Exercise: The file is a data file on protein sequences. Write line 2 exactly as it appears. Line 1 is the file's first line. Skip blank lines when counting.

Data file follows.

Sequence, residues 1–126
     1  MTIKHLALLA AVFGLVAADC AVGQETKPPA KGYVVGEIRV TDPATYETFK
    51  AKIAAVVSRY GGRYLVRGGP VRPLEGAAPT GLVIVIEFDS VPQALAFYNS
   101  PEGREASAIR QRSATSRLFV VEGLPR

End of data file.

     1  MTIKHLALLA AVFGLVAADC AVGQETKPPA KGYVVGEIRV TDPATYETFK